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C H A P T E R 1 1
Data Storage and Retrieval
About Data Storage on Newton Devices
unless this behavior is requested explicitly, the words
would also be found by this query.
A text query is slower than its words query counterpart. Text queries do not require
significantly more heap space than other kinds of queries.
For more information about performing text queries, see "Querying for Text"
beginning on page 11-43.
method returns a cursor, which is an object that iterates over the set of
entries satisfying the query spec and returns entries in response to the messages it
receives. Cursors return entries in index key order. As entries in the soup are added,
deleted, and changed, the set of entries the cursor references is updated
dynamically, even after the original query has been performed.
Recall that after selecting a subrange of all entries in the soup, a query can use
various tests to eliminate certain entries within that range. If viewed within the
context of the entire soup index, the final set of valid entries is discontiguous--that
is, it includes gaps occupied by entries that did not meet the criteria established by
the query spec. However, the cursor presents this subset as a continuous range of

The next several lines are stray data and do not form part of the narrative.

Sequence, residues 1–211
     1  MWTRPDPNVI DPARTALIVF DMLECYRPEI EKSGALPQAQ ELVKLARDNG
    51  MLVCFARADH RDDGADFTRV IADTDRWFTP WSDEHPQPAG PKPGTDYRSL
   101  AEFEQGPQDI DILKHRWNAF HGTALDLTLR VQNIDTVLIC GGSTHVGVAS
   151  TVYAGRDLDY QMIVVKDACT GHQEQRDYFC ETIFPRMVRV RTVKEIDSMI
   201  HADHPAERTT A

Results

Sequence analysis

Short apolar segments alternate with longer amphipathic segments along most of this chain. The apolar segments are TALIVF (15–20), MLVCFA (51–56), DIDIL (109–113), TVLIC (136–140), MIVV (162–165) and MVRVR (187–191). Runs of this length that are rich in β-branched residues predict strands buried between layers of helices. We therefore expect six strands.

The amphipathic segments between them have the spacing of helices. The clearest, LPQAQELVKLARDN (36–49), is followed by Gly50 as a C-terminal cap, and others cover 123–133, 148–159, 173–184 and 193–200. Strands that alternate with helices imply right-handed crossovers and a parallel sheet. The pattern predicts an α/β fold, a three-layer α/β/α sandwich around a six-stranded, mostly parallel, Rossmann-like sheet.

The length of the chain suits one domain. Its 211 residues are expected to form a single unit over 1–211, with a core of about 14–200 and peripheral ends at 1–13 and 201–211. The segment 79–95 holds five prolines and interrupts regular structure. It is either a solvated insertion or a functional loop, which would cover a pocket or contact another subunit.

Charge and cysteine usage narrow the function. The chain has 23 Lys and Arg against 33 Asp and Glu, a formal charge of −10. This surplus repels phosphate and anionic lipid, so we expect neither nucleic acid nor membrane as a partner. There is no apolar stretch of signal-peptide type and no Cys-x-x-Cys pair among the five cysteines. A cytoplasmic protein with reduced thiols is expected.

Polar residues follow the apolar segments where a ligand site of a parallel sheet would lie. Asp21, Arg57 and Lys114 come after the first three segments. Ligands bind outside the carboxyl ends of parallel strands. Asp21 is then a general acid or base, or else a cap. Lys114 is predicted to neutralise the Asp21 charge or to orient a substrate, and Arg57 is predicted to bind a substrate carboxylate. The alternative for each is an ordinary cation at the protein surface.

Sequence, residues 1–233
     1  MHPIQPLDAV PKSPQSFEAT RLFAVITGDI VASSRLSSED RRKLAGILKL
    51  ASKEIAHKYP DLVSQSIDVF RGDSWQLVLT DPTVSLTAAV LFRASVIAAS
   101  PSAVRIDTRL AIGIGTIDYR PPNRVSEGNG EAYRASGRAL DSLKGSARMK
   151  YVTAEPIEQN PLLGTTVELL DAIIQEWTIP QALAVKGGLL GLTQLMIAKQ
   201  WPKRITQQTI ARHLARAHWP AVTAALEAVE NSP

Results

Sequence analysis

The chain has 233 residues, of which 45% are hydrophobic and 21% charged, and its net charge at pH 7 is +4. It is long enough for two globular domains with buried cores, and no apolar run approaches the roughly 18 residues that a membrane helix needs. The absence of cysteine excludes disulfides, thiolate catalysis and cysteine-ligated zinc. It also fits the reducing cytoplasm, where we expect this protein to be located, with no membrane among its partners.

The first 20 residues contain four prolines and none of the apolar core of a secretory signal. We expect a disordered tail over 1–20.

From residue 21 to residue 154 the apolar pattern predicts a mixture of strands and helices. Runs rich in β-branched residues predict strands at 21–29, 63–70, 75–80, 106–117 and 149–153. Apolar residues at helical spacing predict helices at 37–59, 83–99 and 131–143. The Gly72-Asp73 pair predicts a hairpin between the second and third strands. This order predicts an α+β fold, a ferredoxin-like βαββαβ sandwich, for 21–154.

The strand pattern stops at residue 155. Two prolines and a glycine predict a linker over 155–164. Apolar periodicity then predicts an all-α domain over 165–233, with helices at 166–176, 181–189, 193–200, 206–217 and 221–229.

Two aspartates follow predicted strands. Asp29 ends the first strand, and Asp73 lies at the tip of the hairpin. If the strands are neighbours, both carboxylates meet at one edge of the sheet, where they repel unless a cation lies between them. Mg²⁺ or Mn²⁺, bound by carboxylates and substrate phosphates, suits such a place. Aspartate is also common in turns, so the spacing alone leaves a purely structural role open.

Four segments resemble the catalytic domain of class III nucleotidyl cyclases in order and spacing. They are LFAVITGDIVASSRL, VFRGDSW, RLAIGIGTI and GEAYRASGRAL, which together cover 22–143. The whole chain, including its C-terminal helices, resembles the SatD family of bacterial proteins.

entries, as depicted in Figure 11-5.
Initially, the cursor points to the first entry in index order that satisfies the query.
The cursor supplies methods that allow you to determine its current position, retrieve
the entry referenced by its current position, or specify a new position. The cursor
may be moved incrementally, moved to the position occupied by a specified entry
or key, or reset to an initial position that is not necessarily the first entry in the valid
set. Note that it is possible to move the cursor incrementally to a position outside
the valid range of entries, in which case the cursor returns
instead of an entry.
For information about using cursors, see "Using Cursors" beginning on page 11-53.
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